How the whole portion of gyoza are both steamed and fried whilst remaining connected, I don’t know. The contrast between the soft bottom and crispy-soft top fills me with delight. 

The pork and vegetable stuffing is well balanced, meaty, yielding and gorgeous. Queuing for restaurants is not normally my thing, but it was totally worth it!

Cute little gyoza keyrings and bag charms are on sale, in case you want to keep the dumpling love alive after your visit! 

Open 11am to 8pm. Take away and frozen gyoza to cook at home available too. If only I could have brought a couple of boxes home!

Gyoza Kan

Another recommended gyoza restaurant was Gyoza Kan, again well rated on the Good Gyoza guide and recommended by the city’s Tourist Information Office. Not to be outdone by Gyoza Min Min, Gyoza Kan have employed some razzle dazzle to entice punters to their dumpling deliciousness. Stone statues of Sumo wrestlers, terracotta warriors, Godzilla, Kannon (or Quan Yin, the Goddess of Mercy) stand guard outside....

They also have their own Gyoza statue, hewn from a hunk of rock. He’s a cute fella, isn’t he? 

You’ll find posters and signs with him all around town. And he’s emblazoned on the backs of the Gyoza Kan staff uniforms…

 …and pint glasses!

Office workers escaping the grind for a well earned lunch break

Gyoza Kan have a slightly different USP from Min Min. Whilst Min Min excel in just one type of dumpling excellently executed, Gyoza Kan have multiple fillings to their gyozas. Fourteen fillings, in total, to be exact! Pork, “stamina” kenta, perilla, cheese, shrimp, shark fin, small pork, garlic free, pork and vegetable, pork with Chinese leek, mushroom, spicy, garlic and finally, Maitake mushroom. 

You can eat your gyozas as they are or dipped in sauce, chilli oil, citrus, soy or a mix of soy and citrus, depending on your filling or your preference. 

I’m a sucker for prawn gyoza at home, so immediately opted for shrimp. Roughly chopped chunks of prawn filled my lightly browned steam-fried dumplings. Again, the skin to filling ratio carefully judged to avoid heaviness on one extreme and fragility at the other.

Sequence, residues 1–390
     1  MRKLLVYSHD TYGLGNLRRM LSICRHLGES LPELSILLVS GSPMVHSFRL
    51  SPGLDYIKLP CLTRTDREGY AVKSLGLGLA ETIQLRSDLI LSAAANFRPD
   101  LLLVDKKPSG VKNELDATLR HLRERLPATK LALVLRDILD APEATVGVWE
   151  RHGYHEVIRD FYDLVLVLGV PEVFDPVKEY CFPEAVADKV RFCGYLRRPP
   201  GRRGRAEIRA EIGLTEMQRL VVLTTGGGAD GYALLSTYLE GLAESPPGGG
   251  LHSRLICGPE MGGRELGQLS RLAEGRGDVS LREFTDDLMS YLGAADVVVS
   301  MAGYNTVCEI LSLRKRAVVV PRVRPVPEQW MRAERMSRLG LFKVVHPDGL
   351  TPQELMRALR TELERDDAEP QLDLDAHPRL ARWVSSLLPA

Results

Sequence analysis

The Maitake mushroom filling had a strong flavour more reminiscent of porcini than humble button mushrooms. They actually taste a little meaty, and go down a treat!

Pork and vegetable had to be ordered in order to compare with Min Min. The filling here was generous and full of piggy goodness, although the gyoza shell was not executed with the same level of skill. It is still a very pleasing, great quality gyoza that people in London would be crying out for. 

Garlic (and prawn) was Him Indoor’s choice as he loves all things garlicky. The garlic flavour and aroma is strong, but not overpowering. The hubby was rather disappointed that I enjoyed this gyoza filling as he didn’t really want to share them with me!

Like Min Min, Gyoza Kan have been successful enough to expand to a number of branches. Being pressed for time, we visited a branch close by the train station entrance, as it was a fair journey for us on our very last day in Japan to get to Narita Airport. But a wonderful final lunch!

I should mention that Masashi and Kirasse were also recommended to us as serving excellent gyoza. Had I the luxury of more time, we would have visited. Also, we didn’t have time to visit the castle here, which originally dates back from 1062, but has been substantially rebuilt in 2007. But when the best gyoza in the world are calling for you in the Gyoza capital of the world, what else can you do except for tuck in!

Snigdha and Him Indoors paid for their wonderful gyoza with crisp, clean Yen notes. This review represents Snigdha’s genuine opinions. Snigdha has not received any incentive for posting this review.